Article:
I have been waiting to see if William Schryver posted any further comments from Royal Skousen on his views of the mode by which the Book of Mormon was translated.
Since it seems that there will be nothing further for the moment, may I say a little more on how the present situation seems to me? As I understand what has been posted here and what I have I have read about Royal Skousen’s position, the suggestion is that the Book of Mormon was not translated into English by Joseph Smith in any normal sense of the word. All Joseph Smith did was to receive (through the seer stone) the words of an English translation that had already been made, by some person or persons unknown, perhaps as long before Joseph Smith’s time as 1600. (William Schryver speculates that the translation may have been done by angels, who may have included Moroni.)
Royal Skousen appears to be the person who has devoted most attention in recent times to the text of the Book of Mormon, as text. Any suggestion by him is therefore not to be treated lightly. But there do seem to be some obvious problems here, and I should like to see them discussed.
Firstly: if the translation of the Book of Mormon had long been in existence by the time Joseph Smith sat down to gaze at his seer stone and began to read off words to his scribes, what purpose was served by the golden plates? But if we follow the account given by Joseph Smith in the Wentworth letter, as published in the Ensign (http://www.lds.org/e...entworth-letter
), the plates seem to have been crucial:
“I was also told where were deposited some plates on which were engraven an abridgment of the records of the ancient prophets that had existed on this continent. The angel appeared to me three times the same night and unfolded the same things. After having received many visits from the angels of God, unfolding the majesty and glory of the events that should transpire in the last days, on the morning of the 22nd of September, A.D. 1827, the angel of the Lord delivered the records into my hands.
These records were engraven on plates which had the appearance of gold. Each plate was six inches wide and eight inches long, and not quite so thick as common tin. They were filled with engravings, in Egyptian characters, and bound together in a volume as the leaves of a book, with three rings running through the whole. The volume was something near six inches in thickness, a part of which was sealed. The characters on the unsealed part were small, and beautifully engraved. The whole book exhibited many marks of antiquity in its construction and much skill in the art of engraving. With the records was found a curious instrument, which the ancients called “Urim and Thummim,” which consisted of two transparent stones set in the rims of a bow fastened to a breastplate. Through the medium of the Urim and Thummim I translated the record by the gift and power of God.”
It is possible to imagine why the seer stone had to be near the plates if the stone was some kind of device for extracting a translation from the plates - which is of course the view that sees the Urim and Thummim as ‘translation spectacles’ which enabled Joseph to understand the Reformed Egyptian of the plates when he looked through them. But if the translation had already been made, why did Joseph Smith need the plates at all? And yet he clearly felt that he did.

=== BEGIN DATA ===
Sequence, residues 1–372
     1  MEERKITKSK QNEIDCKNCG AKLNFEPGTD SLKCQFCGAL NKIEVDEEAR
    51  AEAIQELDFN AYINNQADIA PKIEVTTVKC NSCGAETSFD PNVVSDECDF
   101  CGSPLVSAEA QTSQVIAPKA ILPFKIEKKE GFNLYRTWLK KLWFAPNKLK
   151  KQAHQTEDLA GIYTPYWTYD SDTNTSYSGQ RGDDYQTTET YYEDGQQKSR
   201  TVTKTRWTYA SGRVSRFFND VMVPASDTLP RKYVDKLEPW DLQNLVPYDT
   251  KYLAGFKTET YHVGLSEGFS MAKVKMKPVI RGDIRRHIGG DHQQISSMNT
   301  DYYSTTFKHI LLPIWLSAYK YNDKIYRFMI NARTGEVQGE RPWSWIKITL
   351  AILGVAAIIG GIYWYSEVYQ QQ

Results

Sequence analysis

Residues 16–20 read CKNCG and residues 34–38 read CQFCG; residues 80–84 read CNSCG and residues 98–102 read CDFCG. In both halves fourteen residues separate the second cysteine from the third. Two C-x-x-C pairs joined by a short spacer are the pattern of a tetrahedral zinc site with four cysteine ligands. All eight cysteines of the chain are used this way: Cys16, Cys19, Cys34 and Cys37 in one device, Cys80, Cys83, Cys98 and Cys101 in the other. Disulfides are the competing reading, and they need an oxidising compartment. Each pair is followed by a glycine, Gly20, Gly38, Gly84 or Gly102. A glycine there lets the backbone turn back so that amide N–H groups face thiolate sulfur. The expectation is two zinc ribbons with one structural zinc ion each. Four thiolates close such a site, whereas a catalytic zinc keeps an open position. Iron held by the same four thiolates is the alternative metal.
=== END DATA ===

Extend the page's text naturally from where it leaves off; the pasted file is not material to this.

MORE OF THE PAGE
Secondly: if the translation was made in advance, then given the view that the role of the Prophet Joseph Smith as deliverer of the Book of Mormon in the Latter Days was foretold by prophecy, that translation would presumably have been made with Joseph Smith in mind. Why was it made using a version of English which would in part have been incomprehensible to Joseph - as Royal Skousen points out?
Thirdly: The suggestion of a pre-existing translation that was simply transmitted to Joseph Smith seem out of tune with the revelation in Doctrine and Covenants 10, in reference to the loss of the 116 pages. Throughout the Lord speaks in a way that assumes that the translated version of the Book of Mormon that Joseph produces comes from the plates. Thus, for instance:
“38 And now, verily I say unto you, that an account of those things that you have written, which have gone out of your hands, is engraven upon the aplates of Nephi;
39 Yea, and you remember it was said in those writings that a more particular account was given of these things upon the plates of Nephi.
40 And now, because the account which is engraven upon the plates of Nephi is more particular concerning the things which, in my wisdom, I awould bring to the knowledge of the people in this account—
41 Therefore, you shall translate the engravings which are on the plates of Nephi, down even till you come to the reign of king Benjamin, or until you come to that which you have translated, which you have retained;”
This is not inconsistent in the strict logical sense with the idea that a pre-existing translation was being transmitted through the seer stone. - presumably including headings identifying the different sections of the text But if that is what is happening, why does the Lord not simply speak in those terms? It might be disrespectful to write a parody of D&C, but surely one would have expected some reference along the lines of “Fear not. I have already caused to be prepared more translation to replace what you have lost, and it shall be given to you. Transmit it faithfully to the scribes”. Then Joseph looks at the stone, and sees the name of the part of the Book of Mormon he is to dictate, followed by the first section of the text from the plates of Nephi.
None of these are intended as ‘killer points’ for Royal Skousen’s suggestion. But they do seem to need discussion.